A local organization dedicated to preserving land and open space in New Canaan has acquired a large property in Silvermine, protecting it from future development and closing the loop on a closely followed conservation effort.
The New Canaan Land Trust last month purchased 763 Silvermine Road—a 6.35-acre parcel that will help form the Silvermine Fowler Preserve—from Jim and Betsey Fowler. It’s adjacent to the 41-acre Hicks Meadows-Kelley Uplands Audubon Sanctuary, and plans for the now 48-acre property include creating trails where residents can hike, view wildlife and experience nature, officials say.
“It means so much to have the land preserved, to bring it back,” said Mark Fowler, son of Jim and Betsey and now the nature initiative director at Grace Farms. “The old house will come down and it will be a beautiful piece of property with wetlands and small fields and a beautiful forest and a nice hiking trail, so for me, this is what the Fowler legacy is all about and it’s what the town needs.”
His dad, Jim Fowler, is an award-winning zoologist who gained fame as host of TV’s “Mutual of Omaha’s Wild Kingdom.”
“My father was a famous falconer, and we had a falconer that lived with us, so there was always some amazing wildlife experience going on there, and therefore we always were outdoors,” Fowler recalled. “We were always hiking around in these back properties.”
Mark Fowler said that preserving the land is important, in part, because it gives locals a place to unplug and explore—a snapshot of the 1992 New Canaan High School graduate’s own upbringing.
“Silvermine doesn’t have any area for hiking,” he said. “That’s the one thing that it does not have, so I’m really excited that this area will be open for Land Trust visitors and obviously for passive recreation.”
According to Mark Fowler, the property is unique in that it long has served as a naturally developing wildlife corridor.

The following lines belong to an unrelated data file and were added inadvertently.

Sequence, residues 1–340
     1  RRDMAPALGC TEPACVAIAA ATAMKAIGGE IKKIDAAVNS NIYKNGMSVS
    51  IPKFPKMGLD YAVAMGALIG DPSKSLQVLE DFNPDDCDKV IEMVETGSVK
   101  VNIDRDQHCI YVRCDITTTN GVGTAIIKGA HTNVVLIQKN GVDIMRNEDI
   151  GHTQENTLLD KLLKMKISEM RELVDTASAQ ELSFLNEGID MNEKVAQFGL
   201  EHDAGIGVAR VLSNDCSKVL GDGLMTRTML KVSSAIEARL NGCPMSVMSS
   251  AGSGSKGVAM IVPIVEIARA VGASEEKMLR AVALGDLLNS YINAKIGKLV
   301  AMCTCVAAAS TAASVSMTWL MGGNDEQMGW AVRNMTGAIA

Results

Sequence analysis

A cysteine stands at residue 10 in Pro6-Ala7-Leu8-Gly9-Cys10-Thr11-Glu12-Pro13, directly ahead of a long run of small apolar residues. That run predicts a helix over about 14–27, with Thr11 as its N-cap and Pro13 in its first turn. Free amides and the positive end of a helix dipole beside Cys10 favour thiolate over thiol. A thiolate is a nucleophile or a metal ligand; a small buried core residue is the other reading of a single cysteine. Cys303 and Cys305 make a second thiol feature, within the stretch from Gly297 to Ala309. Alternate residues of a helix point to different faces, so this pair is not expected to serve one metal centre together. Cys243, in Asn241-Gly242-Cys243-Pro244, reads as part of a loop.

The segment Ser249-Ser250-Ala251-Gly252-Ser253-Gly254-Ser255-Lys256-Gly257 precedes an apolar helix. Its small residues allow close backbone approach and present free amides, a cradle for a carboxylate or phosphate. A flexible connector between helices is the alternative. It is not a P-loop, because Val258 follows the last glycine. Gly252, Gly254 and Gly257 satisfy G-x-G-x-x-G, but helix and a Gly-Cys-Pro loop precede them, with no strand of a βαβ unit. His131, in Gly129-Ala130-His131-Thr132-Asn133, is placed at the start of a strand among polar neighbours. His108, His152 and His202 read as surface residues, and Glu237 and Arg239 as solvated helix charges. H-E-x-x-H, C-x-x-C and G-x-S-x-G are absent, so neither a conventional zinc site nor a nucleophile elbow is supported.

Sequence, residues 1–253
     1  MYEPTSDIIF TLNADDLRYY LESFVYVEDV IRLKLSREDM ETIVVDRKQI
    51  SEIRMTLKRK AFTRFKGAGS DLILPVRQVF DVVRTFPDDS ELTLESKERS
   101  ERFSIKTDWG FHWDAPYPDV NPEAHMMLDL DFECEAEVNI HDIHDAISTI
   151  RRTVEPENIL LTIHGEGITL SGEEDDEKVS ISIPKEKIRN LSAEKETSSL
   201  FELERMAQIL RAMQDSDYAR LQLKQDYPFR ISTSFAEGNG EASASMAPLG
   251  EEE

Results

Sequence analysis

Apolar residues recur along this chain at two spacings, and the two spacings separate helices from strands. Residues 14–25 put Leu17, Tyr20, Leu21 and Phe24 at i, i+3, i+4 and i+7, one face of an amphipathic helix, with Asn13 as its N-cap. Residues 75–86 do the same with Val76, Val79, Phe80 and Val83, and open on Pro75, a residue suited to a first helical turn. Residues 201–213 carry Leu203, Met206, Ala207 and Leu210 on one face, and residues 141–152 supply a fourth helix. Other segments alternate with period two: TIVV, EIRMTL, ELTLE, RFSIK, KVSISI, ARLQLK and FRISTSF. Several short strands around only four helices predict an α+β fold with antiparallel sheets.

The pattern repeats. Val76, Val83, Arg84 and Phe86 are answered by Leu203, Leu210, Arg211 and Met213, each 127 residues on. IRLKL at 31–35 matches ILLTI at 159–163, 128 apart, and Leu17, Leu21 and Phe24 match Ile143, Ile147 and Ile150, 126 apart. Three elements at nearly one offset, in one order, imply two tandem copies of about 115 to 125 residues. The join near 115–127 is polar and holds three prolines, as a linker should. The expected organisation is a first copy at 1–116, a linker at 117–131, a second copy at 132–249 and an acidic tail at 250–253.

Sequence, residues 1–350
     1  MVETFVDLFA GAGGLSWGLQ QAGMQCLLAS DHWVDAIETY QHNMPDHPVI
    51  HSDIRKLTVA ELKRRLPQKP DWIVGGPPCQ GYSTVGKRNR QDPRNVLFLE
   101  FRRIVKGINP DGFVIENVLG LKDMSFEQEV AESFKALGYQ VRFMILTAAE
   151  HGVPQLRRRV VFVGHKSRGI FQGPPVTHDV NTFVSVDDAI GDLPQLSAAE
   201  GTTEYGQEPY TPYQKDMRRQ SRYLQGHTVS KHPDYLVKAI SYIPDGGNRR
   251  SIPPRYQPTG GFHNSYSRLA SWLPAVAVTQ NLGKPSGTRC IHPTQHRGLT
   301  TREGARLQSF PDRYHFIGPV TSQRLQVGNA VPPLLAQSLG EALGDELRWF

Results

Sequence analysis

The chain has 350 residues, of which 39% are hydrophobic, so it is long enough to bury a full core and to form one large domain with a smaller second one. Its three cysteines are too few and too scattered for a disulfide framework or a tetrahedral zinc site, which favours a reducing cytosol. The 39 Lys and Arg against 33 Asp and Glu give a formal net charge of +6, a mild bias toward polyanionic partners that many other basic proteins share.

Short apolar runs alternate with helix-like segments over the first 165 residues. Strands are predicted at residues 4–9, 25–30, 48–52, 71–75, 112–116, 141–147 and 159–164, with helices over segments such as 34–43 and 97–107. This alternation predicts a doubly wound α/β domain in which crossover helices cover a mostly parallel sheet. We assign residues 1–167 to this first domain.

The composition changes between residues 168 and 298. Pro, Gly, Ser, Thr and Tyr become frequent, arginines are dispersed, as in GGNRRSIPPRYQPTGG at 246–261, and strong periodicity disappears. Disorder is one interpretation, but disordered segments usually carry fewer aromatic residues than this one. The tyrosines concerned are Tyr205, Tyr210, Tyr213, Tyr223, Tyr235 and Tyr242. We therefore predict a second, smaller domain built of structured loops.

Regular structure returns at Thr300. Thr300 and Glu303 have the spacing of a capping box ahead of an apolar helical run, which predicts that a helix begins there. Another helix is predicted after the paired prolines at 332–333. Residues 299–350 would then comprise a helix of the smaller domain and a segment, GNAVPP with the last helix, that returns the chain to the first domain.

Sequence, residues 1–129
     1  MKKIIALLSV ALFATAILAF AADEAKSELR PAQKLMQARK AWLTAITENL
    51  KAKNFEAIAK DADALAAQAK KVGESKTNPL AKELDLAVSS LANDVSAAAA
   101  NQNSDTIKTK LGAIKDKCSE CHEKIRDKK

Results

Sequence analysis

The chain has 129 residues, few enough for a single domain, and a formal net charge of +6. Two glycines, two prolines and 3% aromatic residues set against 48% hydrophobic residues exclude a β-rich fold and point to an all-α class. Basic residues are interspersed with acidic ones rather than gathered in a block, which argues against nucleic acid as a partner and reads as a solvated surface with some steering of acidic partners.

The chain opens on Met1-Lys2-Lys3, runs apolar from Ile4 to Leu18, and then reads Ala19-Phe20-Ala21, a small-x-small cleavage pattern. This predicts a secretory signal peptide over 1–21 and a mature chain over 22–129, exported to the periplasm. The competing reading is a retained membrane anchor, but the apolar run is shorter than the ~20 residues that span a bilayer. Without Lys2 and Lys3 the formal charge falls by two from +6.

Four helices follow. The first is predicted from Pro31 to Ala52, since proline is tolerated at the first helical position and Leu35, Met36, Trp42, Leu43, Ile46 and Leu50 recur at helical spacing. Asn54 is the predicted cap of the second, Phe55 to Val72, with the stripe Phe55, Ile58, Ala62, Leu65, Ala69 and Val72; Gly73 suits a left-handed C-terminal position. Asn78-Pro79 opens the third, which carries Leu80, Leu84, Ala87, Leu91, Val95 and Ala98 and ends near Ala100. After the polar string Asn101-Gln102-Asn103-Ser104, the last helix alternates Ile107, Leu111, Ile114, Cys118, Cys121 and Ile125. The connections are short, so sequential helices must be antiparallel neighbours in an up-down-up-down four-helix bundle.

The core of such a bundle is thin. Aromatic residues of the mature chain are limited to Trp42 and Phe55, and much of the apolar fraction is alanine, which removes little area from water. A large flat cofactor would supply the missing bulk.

“Growing up there was incredible,” he told NewCanaanite.com. “It’s a beautiful piece of land that has not been touched. We never cut down any trees and we kept it completely wild, so we had basically six acres of forest and land, and there was wildlife everywhere. We had all the hawks and raptors, and obviously deer and wild turkeys, all the way down to the wood ducks that nested in the pond. It’s a beautiful place…it’s still wild and I love having wetlands right on your property because you can enjoy.”
Town officials earlier this year passed a special appropriation of $267,000 to help the Land Trust finalize its $1,070,000 purchase of the property. The Land Trust needed a total of $1.3 million to complete the deal, and raised a significant amount of funds through small donations.
Land Trust officials credited widespread community support for the purchase and preservation of the property, and noted that the Trust for Public Land in Connecticut was an instrumental partner providing fundraising support, grant writing and legal counsel over the roughly two years leading up to the May 5 closing.
The Land Trust on May 23 applied for a permit to demolish the 1940-built Cape Cod-style home on the property.